By Ken Meju
Customs especially cultural customs can be derogatory and discriminatory against women. They are often seen as tools set by society to sharpen the arsenals of tradition, which is nothing short of established practices of a locality.
Though established for both men and women, its lopsided effect is greater on women. Most traditions are tailored to adorn the woman with the garment of torture and shame, regardless of her rights and wishes. It is a glaring assertion that custom rites over-ride the rights of the woman in a deeply male dominated world, and for this reason, women are subjected to harmful practices that have traumatized them greatly.It does not only spell out agony but continuously, has humiliated her in an attempt to keep her humble.
Therefore, being as old as creation, it is assumed that people should be custom compliant and not complainants and thus, must shut their traps. So with its inherent different faces, these discriminating and humiliating rites thrive without questioning, especially, in this part of the Third World.
Tradition has no moral balance. It turns the lens of equity on the back to view its practice. It shows great imbalance of justice, and therefore is a poor lawyer that cannot defend justice. Yes it does not allow room for defense other than offence against a fragile and abused sector while it is a grand racist being discriminatory and dehumanizing on the woman.
It has an evil voice that speaks boldly, spilling out words that are ungoldly and unjust. It injures and ostracizes both the dignity and personality of the woman.
Looking at cultures from the South South region of this country especially Rivers State, in some areas at the demise of the husband, his wife is made to drink water used in washing the corpse and sleep on the same bed with the corpse all in the bid to prove her innocence, thus subjecting her to acts inimical to her body and health.
The woman here has been dehumanized for no fault of hers whereas should it be the other way round, the husband would walk tall and unacussed, even if there was cause to do so.
A woman could be stripped naked during any period as part of burial rites or forced to sit on broken coconut parts or any harmful object that may pierce or occasion injury to her body without anyone caring.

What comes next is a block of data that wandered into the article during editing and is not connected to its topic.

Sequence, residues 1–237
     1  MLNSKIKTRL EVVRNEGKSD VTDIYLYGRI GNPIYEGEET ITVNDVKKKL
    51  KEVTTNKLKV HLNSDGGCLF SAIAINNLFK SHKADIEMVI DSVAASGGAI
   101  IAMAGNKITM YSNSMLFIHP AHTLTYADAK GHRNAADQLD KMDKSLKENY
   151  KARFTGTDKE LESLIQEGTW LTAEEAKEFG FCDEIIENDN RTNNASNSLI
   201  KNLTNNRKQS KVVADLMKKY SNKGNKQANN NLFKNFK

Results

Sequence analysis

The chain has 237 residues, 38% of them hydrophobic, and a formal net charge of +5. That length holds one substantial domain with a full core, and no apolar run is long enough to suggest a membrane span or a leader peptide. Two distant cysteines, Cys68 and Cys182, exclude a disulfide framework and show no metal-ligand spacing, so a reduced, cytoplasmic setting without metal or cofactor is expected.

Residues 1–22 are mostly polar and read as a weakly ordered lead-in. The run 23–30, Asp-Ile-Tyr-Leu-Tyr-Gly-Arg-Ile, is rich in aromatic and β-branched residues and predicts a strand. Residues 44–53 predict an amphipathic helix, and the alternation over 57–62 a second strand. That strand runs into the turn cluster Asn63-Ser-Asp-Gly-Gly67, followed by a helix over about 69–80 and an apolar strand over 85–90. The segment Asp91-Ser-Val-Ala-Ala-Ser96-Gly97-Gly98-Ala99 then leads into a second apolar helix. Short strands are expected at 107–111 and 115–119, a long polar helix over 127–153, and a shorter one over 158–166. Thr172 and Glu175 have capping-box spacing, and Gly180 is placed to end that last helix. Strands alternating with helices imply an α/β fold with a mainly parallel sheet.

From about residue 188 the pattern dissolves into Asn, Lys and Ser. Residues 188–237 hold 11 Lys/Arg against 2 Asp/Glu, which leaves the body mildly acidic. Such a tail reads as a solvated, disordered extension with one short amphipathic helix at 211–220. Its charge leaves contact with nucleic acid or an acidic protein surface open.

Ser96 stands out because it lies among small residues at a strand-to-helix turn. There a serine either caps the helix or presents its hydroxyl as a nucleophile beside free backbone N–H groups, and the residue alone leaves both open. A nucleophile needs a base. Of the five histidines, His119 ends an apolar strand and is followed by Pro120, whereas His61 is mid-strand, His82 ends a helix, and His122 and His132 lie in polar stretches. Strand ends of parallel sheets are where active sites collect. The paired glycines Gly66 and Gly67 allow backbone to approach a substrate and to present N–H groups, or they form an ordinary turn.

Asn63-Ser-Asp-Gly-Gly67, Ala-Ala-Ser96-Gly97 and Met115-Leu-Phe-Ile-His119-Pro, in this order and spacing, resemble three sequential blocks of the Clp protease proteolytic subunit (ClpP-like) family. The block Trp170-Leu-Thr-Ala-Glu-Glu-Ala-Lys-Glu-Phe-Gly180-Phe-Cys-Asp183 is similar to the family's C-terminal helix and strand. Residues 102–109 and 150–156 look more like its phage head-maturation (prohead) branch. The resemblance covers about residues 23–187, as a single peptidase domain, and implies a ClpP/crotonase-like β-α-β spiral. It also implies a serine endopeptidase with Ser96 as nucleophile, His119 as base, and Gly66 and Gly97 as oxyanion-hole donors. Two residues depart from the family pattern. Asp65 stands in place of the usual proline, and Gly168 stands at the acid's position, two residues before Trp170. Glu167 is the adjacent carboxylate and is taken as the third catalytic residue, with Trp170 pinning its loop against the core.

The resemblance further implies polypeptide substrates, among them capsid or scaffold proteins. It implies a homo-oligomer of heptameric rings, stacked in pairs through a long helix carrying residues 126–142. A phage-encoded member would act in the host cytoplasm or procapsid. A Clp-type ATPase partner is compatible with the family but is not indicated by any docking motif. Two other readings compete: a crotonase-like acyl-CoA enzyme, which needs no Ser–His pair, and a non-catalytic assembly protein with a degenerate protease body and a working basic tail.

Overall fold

Most women are made to shave the hair of any part of their body, sit on the floor, weep and wail loudly at guided intervals and even be forced to remarry an in-law or stepson as demanded by custom or be ostracized by custom on refusal to heed or comply.
Here too, it could be seen that custom does not have the feelings of women at heart. It’s insensitivity has helped to subject the woman to great torture, trauma and pains, thereby reducing woman to state of pauper being ratted of her right, choice and control.
The fact is that Nigerian women have been culturally impoverished by the tenets of tradition. Yes, they have been dehumanized and debased by the acts of men.The synergy and harmony of life has been truncated by imputes of custom thereby causing social disharmony that often times reduces the longevity in women whose life expectancy has been subjected to much anxiety.
In most cases they are denied what is due them as regards property of their husband backed by derogatory practices like being remanded in seclusion after the death of a husband, having to vacate the matrimonial home on the ground that she has no children and many more other factors.
What is needed are laws to check these obnoxious acts so as to tear off this garment of woe on woman as well as convicting anyone who contravenes the law in the name of tradition like what the Rivers State government has done on “Dehumanized and Harmful Traditional Practice Law (No. 2 of 2005) and “Guide to the use of the Law Protecting Women’s Human Right.
This must be sought, read and digested by women to know their rights within the ambit of the law. The ministry of Women Affairs and women empowerment organisations like FIDA, WRAPA and Kebetkache must continue to teach women their rights and all laws including the Violence Against Persons Prohibition, VAPP Law signed by Dr Goodluck Jonathan shortly before he left office as president in 2015. The National Orientation Agency, NOA has a serious job to do here to take the message of ending unfriendly gender biased traditions in our communities and letting the traditional rulers and elders know that things are changing so everybody needs to flow with the tide or face the law. It is important that we remember that the woman is mother, sister, aunty, daughter to some men, so they need to be treated with respect.
*Ken Meju is a Port Harcourt based journalist
#Gender and Accountability